Sunday, March 18, 2007

Korea's CHA RMI gets stem cell grant from California's CIRM

A March 17 post on californiastemcellreport notes that one of the recent CIRM grants goes to the benefit of Korean researchers (quoting from Rob Waters): CHA RMI was awarded a grant of $2.6 million. Along with its sister organization, CHA Stem Cell Institute in Seoul, it's a non-profit unit of CHA Biotech(of Seoul). The Los Angeles unit proposes to use its grant to create stem cell lines using a process known as therapeutic cloning, or somatic cell nuclear transfer.

The text also notes: CHA Biotech is a for-profit entity set up to coordinate the work of academic researchers and hospital physicians centered on stem cell, gene therapy and regenerative medicine technology, according to its Web site. It's part of CHA Health Systems, also called the CHA Medical Group, which owns or is affiliated with several universities, hospitals and research institutes in Korea and the U.S.

There is discussion of an individual: We feel a great responsibility for this project and we will pursue our research with utmost efforts,' Chung Hyung Min, a professor and the director of the project at CHA Stem Cell Institute, said in a telephone interview from Seoul. "It won't be an easy project, but we're striving so that our efforts can contribute to curing Lou Gehrig's disease and many other diseases such as Parkinson's disease.

IPBiz notes that Chung Hyung Min was quoted during the Hwang Woo Suk scandal (from a Reuters report of Dec. 30, 2005):

Chung Hyung-min, director of the Stem Cell Therapy Research Institute at Pochon CHA University said researchers, including him, were kept in the dark about the work of Hwang's team.

"He had clearly made the government understand that security was essential to prevent any leak of information on his research," Chung said by telephone.

Chung said that, in the highly competitive field of stem-cell science, it may be difficult for South Korean scientists to regain their reputation.

IPBiz notes Chung was quoted in the International Herald Tribune on Dec. 30, 2005:

"It's an international fraud," said Chung Hyung Min, director of the Stem Cell Therapy Research Institute at Pochon CHA University. "Dr. Hwang will be gone, but we, the rest of South Korean stem cell researchers, wonder how we will ever recover our credibility, which collectively fell to the bottom."

[look here and here

A report in USAToday on January 2, 2006 includes some of the above-noted Chung quotes and gives text of current relevance:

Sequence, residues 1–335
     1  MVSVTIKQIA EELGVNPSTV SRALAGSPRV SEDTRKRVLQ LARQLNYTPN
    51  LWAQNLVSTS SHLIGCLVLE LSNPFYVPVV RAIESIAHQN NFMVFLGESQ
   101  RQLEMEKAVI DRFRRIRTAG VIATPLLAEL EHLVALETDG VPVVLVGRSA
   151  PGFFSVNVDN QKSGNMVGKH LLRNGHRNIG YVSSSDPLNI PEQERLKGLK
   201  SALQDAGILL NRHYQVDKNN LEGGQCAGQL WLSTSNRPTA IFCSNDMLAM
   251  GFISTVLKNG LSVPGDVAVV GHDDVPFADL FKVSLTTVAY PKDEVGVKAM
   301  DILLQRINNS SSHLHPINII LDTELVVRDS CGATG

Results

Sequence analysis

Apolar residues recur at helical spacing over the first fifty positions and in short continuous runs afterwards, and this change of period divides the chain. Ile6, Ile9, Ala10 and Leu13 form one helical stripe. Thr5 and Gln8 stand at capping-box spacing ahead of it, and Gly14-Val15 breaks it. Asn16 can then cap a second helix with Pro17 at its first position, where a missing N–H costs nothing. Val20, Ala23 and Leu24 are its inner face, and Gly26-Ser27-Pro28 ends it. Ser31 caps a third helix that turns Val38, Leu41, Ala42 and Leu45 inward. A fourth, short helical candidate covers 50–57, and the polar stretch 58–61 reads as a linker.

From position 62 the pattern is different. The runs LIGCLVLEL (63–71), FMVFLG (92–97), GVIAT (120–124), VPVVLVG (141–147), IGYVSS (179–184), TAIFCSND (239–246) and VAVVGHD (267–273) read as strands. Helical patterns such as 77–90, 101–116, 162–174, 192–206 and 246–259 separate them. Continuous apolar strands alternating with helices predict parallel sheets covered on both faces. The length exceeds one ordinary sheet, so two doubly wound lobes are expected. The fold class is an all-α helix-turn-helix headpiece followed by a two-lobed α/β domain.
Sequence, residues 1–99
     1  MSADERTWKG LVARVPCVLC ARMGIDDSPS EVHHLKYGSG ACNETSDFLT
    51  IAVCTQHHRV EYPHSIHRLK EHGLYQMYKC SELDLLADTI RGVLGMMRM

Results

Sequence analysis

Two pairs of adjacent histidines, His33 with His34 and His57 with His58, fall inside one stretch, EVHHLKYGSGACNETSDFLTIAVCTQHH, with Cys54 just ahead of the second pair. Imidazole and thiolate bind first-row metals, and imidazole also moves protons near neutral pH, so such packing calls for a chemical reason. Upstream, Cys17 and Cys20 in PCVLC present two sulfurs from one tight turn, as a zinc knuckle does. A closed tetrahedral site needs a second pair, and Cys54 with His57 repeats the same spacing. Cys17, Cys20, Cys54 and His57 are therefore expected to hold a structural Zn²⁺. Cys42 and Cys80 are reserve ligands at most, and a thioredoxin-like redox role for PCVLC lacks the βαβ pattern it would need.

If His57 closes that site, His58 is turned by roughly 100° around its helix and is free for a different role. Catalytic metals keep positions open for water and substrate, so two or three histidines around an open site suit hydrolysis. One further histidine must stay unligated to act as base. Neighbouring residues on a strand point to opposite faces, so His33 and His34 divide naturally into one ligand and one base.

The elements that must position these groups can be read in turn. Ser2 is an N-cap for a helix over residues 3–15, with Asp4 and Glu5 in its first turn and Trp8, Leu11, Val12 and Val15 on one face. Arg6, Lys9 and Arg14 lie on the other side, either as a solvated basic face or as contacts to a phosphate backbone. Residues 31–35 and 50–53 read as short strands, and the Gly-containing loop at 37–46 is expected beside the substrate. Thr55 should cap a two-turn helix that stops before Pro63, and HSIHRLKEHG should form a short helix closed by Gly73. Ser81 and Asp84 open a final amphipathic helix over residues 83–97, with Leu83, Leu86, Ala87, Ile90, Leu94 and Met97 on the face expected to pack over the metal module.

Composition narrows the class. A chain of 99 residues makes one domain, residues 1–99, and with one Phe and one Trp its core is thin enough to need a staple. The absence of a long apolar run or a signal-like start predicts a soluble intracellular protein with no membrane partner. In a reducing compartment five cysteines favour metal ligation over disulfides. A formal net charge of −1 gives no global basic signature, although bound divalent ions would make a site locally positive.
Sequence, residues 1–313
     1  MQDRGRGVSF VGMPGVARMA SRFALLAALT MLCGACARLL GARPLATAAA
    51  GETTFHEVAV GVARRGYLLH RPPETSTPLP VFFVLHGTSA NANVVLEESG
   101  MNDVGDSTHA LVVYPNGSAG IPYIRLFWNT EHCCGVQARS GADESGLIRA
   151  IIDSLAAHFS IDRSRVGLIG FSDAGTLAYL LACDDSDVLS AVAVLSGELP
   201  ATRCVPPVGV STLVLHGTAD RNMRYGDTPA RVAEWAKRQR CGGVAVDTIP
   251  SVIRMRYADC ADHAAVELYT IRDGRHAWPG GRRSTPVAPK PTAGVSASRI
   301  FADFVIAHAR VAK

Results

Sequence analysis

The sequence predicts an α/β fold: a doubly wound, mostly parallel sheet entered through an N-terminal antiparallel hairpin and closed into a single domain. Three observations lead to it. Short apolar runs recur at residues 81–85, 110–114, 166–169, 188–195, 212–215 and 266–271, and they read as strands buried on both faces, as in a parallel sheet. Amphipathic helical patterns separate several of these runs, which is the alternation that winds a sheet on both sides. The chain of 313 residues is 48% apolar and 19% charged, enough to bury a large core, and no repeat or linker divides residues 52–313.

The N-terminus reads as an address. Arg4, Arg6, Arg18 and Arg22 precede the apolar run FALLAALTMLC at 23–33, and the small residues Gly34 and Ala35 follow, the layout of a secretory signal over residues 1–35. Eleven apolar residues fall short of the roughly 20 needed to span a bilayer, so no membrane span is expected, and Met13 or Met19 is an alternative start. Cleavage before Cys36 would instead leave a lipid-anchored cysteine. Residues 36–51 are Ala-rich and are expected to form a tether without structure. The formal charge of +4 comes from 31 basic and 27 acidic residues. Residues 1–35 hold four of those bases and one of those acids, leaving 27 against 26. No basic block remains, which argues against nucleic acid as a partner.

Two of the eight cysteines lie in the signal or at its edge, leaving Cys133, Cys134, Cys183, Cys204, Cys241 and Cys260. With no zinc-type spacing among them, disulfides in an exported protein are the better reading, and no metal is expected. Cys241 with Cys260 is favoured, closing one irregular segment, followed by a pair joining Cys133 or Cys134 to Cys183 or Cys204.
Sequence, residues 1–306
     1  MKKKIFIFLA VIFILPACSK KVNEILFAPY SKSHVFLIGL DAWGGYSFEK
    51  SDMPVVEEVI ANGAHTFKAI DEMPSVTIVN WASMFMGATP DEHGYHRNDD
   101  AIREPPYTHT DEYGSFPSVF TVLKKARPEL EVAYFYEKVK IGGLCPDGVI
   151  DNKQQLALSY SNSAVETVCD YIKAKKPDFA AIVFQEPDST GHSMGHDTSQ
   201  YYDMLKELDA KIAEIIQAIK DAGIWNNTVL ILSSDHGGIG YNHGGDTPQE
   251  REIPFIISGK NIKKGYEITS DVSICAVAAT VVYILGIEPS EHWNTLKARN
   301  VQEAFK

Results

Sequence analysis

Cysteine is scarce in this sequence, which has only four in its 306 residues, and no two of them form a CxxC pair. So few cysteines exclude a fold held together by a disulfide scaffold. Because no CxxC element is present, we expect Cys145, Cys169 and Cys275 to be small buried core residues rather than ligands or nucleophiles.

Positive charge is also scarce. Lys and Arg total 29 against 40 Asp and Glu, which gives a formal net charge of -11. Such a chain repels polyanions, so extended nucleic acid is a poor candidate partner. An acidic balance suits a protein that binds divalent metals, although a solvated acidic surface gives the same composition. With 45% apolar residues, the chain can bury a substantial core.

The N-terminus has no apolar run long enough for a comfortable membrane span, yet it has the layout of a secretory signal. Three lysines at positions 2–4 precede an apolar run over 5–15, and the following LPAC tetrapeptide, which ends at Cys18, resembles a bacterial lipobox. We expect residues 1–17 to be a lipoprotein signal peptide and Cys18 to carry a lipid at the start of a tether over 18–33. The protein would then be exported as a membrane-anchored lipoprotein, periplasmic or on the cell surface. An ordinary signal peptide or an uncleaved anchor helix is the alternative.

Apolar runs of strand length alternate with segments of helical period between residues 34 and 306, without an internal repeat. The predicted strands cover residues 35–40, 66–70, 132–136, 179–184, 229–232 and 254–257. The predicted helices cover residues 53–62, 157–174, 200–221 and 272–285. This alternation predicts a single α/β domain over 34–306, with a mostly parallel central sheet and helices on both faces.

The hysteria, the financial implications and the huge funding from governments to spur major medical discoveries, be it stem cells or new drugs, is transforming the entire research field, according to Barbara Koenig, a medical anthropologist and bioethicist at the Mayo Clinic in Rochester, Minn.

"The bigger message is: 'Boy, is there a lot of danger in these big science projects that promise the world.'

"Not that any one in particular will not pan out, but more just that as scientific projects become more and more like the latest launch of the new Coke or a Microsoft project, they're subject to the same kind of forces," Koenig says.

It's not clear whether or not Chung Hyung-min is a corporate officer of Biotechnology CHA Biotech, along with Cha, Kwang-Yul and Choi, Yang- Oh. [look here.] Separately, view Author and spouse/partner disclosures index. , Volume 84, Pages S498-S527
here .

In the past, Chung has worked in the area of human fertility / IVF :

A local medical team claimed yesterday that it has succeeded in delivering a baby after conceiving it using a newly developed test-tube technology called "Oocyte vitrification" for the first time in the world.

Oocyte vitrification refers to a method of freezing ova very quickly and maintaining them in a gelled state, thereby minimizing damage to the cells.

Medical experts predicted that the new technology would greatly contribute to the treatment of infertile women in the future without raising concerns about ethical debates.

The achievement was made by the research team led by Dr. Chung Hyung-min and Dr. Yoon Tae-ki at the Infertility Medical Center of CHA General Hospital in southern Seoul.

Dr. Chung explained that his team has succeeded in impregnating eight infertile patients since last November, using the Oocyte vitrification method. The first of them to give birth, a 30-year-old woman identified only by her surname Kim, bore a healthy baby boy weighting 2.9kg Saturday.

Chung is also quoted in an October 2006 piece on "Asia's Great Science Experiment."

**Separately, in the area of freezing, recall a previous post on IPBiz:

which notes: Dr. Se-Pill is co-inventor of U.S. 6,921,632, issued July 26, 2005, and titled Human embryonic stem cells derived from frozen-thawed embryo.


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